As we prepare for the Euros, take a look back at previous campaigns.
By David Barber
England have twice been European Under-21 Champions – in 1982 and 1984. Dave Sexton was the Manager as we beat West Germany and Spain in the respective two-leg Finals. We also reached the Final of the last competition and have appeared in five other semi-finals.
These have been the highlights:-1978: Semi-Finalists
England began their first qualifying competition with a 1-0 win in Finland, David Peach’s shot being fumbled into the net by the Finnish ‘keeper. England topped Group Five with four wins out of four to qualify for a quarter final with Italy which they won 2-1 on aggregate. England lost their semi-final 3-2 on aggregate to eventual Championship winners Yugoslavia, drawing 1-1 at Maine Road with Steve Sims’ goal after a 2-1 defeat in Novi Sad.1980: Semi-Finalists
England finished top of their group, again with four wins out of four, to qualify for a quarter final with Scotland which they won 2-1 on aggregate. England lost the first leg of their semi-final 2-1 to the German Democratic Republic at Bramall Lane. Justin Fashanu’s 85th-minute header equalised Raab’s earlier effort before Dennstedt drove in a last-winner winner. Kreer scored the only goal in Jena to take the Germans through 3-1 on aggregate.1982: Winners
England won the group to set up a quarter final with Poland, which they won 4-3 on aggregate. Garry Thompson scored the only goal of the semi-final first leg against Scotland at Hampden Park and Adrian Heath’s equaliser at Maine Road made it 2-1 on aggregate. England won the first leg of the Final 3-1 at Bramall Lane, Gary Owen scoring two and Fashanu adding the other. Mike Duxbury and Paul Goddard netted in the 3-2 defeat in Bremen, the 5-4 aggregate score in England’s favour clinching the trophy. Pictured above with the trophy is FA Secretary Ted Croker, Sexton, assistant coach Terry Venables and FA Chairman Bert Millichip.1984: Winners
England headed the group with five wins out of six and thrashed France 7-1 on aggregate in the quarter final, Mark Hateley scoring four at Hillsborough. Italy were beaten 3-2 on aggregate in the semi-final, with Chamberlain, D’Avray and Sterland (penalty) contributing goals as we achieved a 3-1 lead in the first leg at Maine Road. Sterland’s goal won the Final’s first leg against Spain in Seville and England won at Bramall Lane with Hateley and Gayle on target. Sexton’s battlers had retained the trophy 3-0 on aggregate. The squad photograph can be seen above.1986: Semi-Finalists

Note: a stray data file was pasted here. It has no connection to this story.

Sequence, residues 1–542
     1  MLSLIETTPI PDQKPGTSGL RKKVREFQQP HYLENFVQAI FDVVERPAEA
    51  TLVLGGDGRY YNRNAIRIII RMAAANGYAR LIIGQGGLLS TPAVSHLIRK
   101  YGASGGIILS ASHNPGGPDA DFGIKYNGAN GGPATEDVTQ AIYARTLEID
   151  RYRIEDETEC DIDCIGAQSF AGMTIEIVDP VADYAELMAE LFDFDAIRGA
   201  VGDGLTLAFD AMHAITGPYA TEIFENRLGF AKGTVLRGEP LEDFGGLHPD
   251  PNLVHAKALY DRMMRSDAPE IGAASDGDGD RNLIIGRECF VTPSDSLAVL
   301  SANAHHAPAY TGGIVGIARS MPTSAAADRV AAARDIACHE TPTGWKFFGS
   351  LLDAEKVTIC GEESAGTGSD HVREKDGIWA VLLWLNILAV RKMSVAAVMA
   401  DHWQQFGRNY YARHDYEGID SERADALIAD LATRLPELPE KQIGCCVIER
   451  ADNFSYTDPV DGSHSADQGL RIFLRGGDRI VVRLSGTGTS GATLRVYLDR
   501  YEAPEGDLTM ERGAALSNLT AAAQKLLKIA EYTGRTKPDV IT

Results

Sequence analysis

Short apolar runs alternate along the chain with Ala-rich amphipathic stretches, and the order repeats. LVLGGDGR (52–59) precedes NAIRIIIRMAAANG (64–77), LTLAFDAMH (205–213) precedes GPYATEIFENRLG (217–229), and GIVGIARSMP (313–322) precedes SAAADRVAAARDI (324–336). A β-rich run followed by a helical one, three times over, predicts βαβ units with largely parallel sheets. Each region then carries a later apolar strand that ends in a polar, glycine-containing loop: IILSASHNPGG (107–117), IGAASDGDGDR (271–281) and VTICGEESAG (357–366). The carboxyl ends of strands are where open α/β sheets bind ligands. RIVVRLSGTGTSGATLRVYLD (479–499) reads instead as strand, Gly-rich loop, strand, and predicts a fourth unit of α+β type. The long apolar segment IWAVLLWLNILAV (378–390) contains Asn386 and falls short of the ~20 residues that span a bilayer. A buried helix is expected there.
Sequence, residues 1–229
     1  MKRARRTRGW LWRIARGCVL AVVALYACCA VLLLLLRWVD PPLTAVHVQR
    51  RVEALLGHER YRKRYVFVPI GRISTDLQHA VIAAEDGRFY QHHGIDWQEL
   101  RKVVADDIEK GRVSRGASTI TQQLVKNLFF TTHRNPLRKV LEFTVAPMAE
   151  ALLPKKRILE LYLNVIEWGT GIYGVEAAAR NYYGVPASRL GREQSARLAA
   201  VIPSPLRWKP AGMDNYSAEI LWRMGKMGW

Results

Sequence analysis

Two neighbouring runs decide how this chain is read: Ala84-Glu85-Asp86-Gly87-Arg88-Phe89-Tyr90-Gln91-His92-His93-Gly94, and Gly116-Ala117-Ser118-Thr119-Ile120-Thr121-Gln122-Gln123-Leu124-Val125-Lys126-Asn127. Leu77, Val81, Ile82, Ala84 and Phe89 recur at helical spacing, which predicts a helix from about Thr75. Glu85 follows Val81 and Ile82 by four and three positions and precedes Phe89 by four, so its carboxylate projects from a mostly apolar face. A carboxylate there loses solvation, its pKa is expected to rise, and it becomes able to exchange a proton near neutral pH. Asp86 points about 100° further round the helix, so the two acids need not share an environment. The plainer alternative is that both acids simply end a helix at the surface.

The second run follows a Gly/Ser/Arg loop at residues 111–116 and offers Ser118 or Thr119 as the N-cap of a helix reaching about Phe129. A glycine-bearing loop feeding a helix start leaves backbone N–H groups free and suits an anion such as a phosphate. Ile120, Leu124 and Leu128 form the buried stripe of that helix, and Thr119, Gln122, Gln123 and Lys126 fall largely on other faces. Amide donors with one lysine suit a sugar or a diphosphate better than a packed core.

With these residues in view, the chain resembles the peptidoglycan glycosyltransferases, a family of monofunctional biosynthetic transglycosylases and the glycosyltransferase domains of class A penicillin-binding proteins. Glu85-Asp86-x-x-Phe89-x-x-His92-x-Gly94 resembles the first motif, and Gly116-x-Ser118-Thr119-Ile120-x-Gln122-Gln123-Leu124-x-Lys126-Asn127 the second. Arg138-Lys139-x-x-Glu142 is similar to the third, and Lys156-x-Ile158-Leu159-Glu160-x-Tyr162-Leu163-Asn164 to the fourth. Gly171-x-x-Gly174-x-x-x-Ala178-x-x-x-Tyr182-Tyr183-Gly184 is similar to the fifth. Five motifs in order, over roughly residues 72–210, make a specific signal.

England topped the group by two points and beat Denmark 2-1 on aggregate in the quarter final. Manager Sexton was forced to take an inexperienced side with six new caps to the semi-final’s first leg in Pisa and Italy beat them 2-0. The end of England’s domination of the Championship was confirmed in the second leg at Swindon as a classy Italian team that included Vialli, Mancini and Zenga was good value for the 1-1 draw. 1988: Semi-Finalists
England scraped through as group winners, drawing three out of four. Then Scotland were beaten 1-0 both in Aberdeen and Nottingham to set up a semi-final with France. Sexton’s England were without nine first-choice players for the first leg in Besancon and went down 4-2. England were twice ahead at a rain-soaked Highbury, through Paul Gascoigne and a Silvestre own goal, but a Cantona brace put France into the Final.2007: Semi-Finalists
England had to negotiate qualifiers with Moldova and Switzerland and then a two-leg play-off against the Germans to make it through to the Finals in Holland, by which time Stuart Pearce
had replaced Peter Taylor as Manager. Two draws and a win in Group B set up a semi-final against the hosts in Heerenveen, which England lost 13-12 on penalties. The teams were locked at 1-1 after extra time, Leroy Lita having given us the lead.2009: Runners-Up
England ended a successful qualifying campaign with a 2-0 victory over Portugal before nearly 28,000 at Wembley, securing a play-off spot against the Welsh which we won 5-4 on aggregate. England finished top of Group B in the Swedish Finals, then beat the hosts on penalties in Gothenburg after a 3-3 draw. The Final in Malmo was a disappointing affair, England’s dreams shattered by a 4-0 defeat against Germany.